Although memory loss is a part of getting older, it can be difficult to communicate clearly with caregivers. Alzheimer’s disease and dementia are commonplace in old age yet few can anticipate how difficult it can be to provide quality care. Seniors that suffer from cognitive decline also tend to present with other difficult behaviors, such irritability, agitation, or difficult communicating. When emotions and confusing make communicating hard, here are a few tips to help communicate and cope:


Keep It Simple

Each person experiences memory loss differently and the changes in daily life can be complicated. Simple, everyday tasks can become more difficult yet many seniors struggle to communicate their problems. Consider using simple vocabulary and straightforward instructions while offering small amounts of information at a time. Complicated details or explanations can be overwhelming so try to discuss things slowly and stick to yes or questions. Non-verbal communication, such as pointing or hand motions, can also be helpful. These tips are especially useful during later stages of memory loss. Make sure they are needed as they could make some feel inadequate or spoken down to.

Stay Connected

As a loved one loses memories, some caregivers develop a sense of distance over time. Doing so can cause you to focus more on tasks and less on personal needs. Although this may seem easier emotionally, it may cause communication barriers. As you communicate, create a personal atmosphere by giving them your undivided attention. Avoid distractions or multiple topics and focus on their experiences and feelings. Staying connected to their overall physical and emotional well-being can embody a sense of support while helping you notice subtle changes.

Patience is a Virtue

Although this advice may seem obvious, patience is often easier to preach than practice. Patience is about being able to time your words and actions to meet both of your needs. When you find yourself frustrated or upset, taking a moment to breathe will help you communicate more accurately. Similarly, giving them plenty of time to gather their thoughts can build cognitive strength and enhance the relationship. Losing your memories is painful process that is frustrating for everyone involved. Ultimately, patience helps facilitate understanding.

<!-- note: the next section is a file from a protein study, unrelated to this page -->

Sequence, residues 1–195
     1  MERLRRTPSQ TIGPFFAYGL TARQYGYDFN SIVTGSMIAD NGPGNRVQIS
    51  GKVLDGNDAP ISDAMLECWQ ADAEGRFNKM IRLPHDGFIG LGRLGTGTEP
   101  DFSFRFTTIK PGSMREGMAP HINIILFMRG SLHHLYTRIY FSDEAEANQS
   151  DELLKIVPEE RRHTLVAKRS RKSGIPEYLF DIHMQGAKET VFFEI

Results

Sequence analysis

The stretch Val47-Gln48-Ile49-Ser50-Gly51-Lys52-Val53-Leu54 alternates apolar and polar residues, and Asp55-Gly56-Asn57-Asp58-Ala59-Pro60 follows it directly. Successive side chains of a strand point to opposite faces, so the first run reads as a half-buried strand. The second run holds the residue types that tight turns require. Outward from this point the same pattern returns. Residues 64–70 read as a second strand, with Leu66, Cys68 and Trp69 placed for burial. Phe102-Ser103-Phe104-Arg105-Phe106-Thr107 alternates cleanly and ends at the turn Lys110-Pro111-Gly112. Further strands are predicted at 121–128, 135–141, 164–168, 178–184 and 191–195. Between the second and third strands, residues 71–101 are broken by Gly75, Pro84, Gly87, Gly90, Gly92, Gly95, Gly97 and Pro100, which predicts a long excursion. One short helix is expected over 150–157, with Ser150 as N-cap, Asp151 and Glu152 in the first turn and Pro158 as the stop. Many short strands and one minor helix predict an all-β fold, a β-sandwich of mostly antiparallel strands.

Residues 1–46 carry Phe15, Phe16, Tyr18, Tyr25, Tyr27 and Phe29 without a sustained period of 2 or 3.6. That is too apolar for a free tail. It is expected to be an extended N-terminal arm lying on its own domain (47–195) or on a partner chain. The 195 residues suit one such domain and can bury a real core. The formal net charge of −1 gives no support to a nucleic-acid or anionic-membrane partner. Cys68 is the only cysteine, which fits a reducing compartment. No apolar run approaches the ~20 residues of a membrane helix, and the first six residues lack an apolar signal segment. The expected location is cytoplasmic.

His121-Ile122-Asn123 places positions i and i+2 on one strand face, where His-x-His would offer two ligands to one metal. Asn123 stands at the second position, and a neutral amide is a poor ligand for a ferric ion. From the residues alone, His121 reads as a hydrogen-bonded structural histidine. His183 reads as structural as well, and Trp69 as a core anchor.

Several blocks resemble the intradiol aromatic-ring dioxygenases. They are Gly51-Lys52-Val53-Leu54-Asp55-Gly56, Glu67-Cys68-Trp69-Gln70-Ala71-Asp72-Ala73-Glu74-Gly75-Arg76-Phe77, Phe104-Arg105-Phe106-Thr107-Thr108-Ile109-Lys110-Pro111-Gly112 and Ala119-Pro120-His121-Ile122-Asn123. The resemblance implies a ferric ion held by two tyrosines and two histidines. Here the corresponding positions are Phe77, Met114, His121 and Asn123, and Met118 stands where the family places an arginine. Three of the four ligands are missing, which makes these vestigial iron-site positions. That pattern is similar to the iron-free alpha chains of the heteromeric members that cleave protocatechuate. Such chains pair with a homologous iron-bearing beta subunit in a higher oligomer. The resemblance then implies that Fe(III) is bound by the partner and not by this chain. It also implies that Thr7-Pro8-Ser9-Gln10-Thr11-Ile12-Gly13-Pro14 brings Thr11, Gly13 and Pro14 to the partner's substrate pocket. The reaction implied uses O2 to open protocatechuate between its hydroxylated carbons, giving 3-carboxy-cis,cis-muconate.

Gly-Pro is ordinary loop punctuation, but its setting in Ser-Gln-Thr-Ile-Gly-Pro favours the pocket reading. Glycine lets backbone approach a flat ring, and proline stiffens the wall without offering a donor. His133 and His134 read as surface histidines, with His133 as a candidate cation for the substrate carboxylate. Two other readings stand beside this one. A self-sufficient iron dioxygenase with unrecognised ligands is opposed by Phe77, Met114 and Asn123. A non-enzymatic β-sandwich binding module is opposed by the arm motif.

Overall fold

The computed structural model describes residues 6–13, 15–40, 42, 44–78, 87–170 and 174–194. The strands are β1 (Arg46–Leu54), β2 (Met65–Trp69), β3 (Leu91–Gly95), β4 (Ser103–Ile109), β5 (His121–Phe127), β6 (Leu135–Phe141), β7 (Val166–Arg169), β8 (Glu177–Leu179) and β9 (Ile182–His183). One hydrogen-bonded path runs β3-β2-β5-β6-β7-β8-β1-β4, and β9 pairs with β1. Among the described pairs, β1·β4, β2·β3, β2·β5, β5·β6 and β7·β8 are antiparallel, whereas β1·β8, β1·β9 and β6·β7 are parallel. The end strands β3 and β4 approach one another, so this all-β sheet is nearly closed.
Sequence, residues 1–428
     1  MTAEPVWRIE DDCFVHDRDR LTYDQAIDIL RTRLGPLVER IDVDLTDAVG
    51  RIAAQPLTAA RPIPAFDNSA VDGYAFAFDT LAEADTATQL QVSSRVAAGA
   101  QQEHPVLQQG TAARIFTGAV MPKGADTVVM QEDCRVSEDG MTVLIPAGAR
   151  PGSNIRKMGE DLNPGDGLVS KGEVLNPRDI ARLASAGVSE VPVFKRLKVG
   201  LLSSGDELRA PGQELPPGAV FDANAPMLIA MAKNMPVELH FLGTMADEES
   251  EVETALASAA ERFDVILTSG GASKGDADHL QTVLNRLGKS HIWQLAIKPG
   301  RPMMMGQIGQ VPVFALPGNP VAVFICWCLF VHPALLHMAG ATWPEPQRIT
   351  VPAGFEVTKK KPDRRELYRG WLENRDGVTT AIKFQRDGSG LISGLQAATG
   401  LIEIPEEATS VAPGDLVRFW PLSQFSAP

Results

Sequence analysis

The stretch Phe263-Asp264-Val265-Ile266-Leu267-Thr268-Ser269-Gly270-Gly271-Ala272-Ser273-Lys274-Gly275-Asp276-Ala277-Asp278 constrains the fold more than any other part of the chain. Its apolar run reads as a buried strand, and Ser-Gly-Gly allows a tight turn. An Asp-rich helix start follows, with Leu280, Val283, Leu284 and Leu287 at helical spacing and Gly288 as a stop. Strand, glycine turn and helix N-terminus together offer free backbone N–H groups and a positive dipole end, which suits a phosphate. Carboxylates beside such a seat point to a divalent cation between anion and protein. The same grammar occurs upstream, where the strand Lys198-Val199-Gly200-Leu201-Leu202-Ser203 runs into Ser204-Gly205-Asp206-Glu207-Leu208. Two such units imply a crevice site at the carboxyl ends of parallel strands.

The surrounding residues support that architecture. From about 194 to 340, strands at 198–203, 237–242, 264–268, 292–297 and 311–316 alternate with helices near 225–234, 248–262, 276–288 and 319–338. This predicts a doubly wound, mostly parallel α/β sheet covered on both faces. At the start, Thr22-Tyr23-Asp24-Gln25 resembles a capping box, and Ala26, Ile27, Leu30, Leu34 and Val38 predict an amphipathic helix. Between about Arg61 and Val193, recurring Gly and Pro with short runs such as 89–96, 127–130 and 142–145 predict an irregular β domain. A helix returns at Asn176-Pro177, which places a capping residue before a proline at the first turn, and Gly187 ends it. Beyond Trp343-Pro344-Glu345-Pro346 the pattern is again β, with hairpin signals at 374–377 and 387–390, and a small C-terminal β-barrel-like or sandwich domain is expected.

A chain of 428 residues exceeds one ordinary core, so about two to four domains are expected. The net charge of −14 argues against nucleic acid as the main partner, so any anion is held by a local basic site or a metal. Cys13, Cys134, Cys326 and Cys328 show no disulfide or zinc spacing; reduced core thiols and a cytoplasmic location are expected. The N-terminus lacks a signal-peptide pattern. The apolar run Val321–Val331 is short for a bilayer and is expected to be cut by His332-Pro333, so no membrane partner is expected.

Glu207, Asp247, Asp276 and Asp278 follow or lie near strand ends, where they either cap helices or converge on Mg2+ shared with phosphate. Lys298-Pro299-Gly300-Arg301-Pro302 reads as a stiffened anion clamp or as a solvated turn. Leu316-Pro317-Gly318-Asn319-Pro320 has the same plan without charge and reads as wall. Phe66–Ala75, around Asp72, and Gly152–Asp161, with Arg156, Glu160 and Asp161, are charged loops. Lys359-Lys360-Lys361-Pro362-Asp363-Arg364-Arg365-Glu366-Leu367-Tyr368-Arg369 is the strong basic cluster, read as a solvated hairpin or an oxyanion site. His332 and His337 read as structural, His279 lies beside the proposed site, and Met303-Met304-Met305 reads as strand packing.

Research and Education

While there are treatments and therapies that treat cognitive decline, there is no cure. Staying up-to-date on modern therapies and techniques is an important part of caretaking but it can be hard to stay current. Organizations, such as the Alzheimer’s Association, provide the most current research updates as well as endless resources for patients and their caregivers. There are a number of creative therapies that can be used with traditional interventions to improve memory recall and overall quality of life.

Take Time for Yourself

You are the most valuable resource so stay positive and take care of yourself. Accepting that you’ll have an occasional bad day will stop you from beating yourself up. Frustration and sadness are normal but you can’t let them overwhelm you.  Cognitive decline has been shown to worsen in negative environments so remember that your positivity can set the atmosphere.  Taking time for self-care can ensure you have the emotional reserves to provide excellent care. There are many ways caregivers can take care of themselves so make sure to schedule time for relaxation and fun!


It is essential that seniors have a support system that encourages and advocates for them. Communicating is a critical part of successful caretaking. No matter how much memory-loss has progressed, there is a communication style that can work for you.


For additional health information, visit the main Health and Conditions page or learn more about senior care options on the main Assisted Living page.

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About the Author: Victoria K. Stickley is a copywriter, editor, and senior content manager based in the Dallas area. Her graduate education in counseling and research has helped immensely in her writing as well as the care she provides for her grandparents. She currently provides support and resources to senior care websites as she learns and experiences senior care first-hand.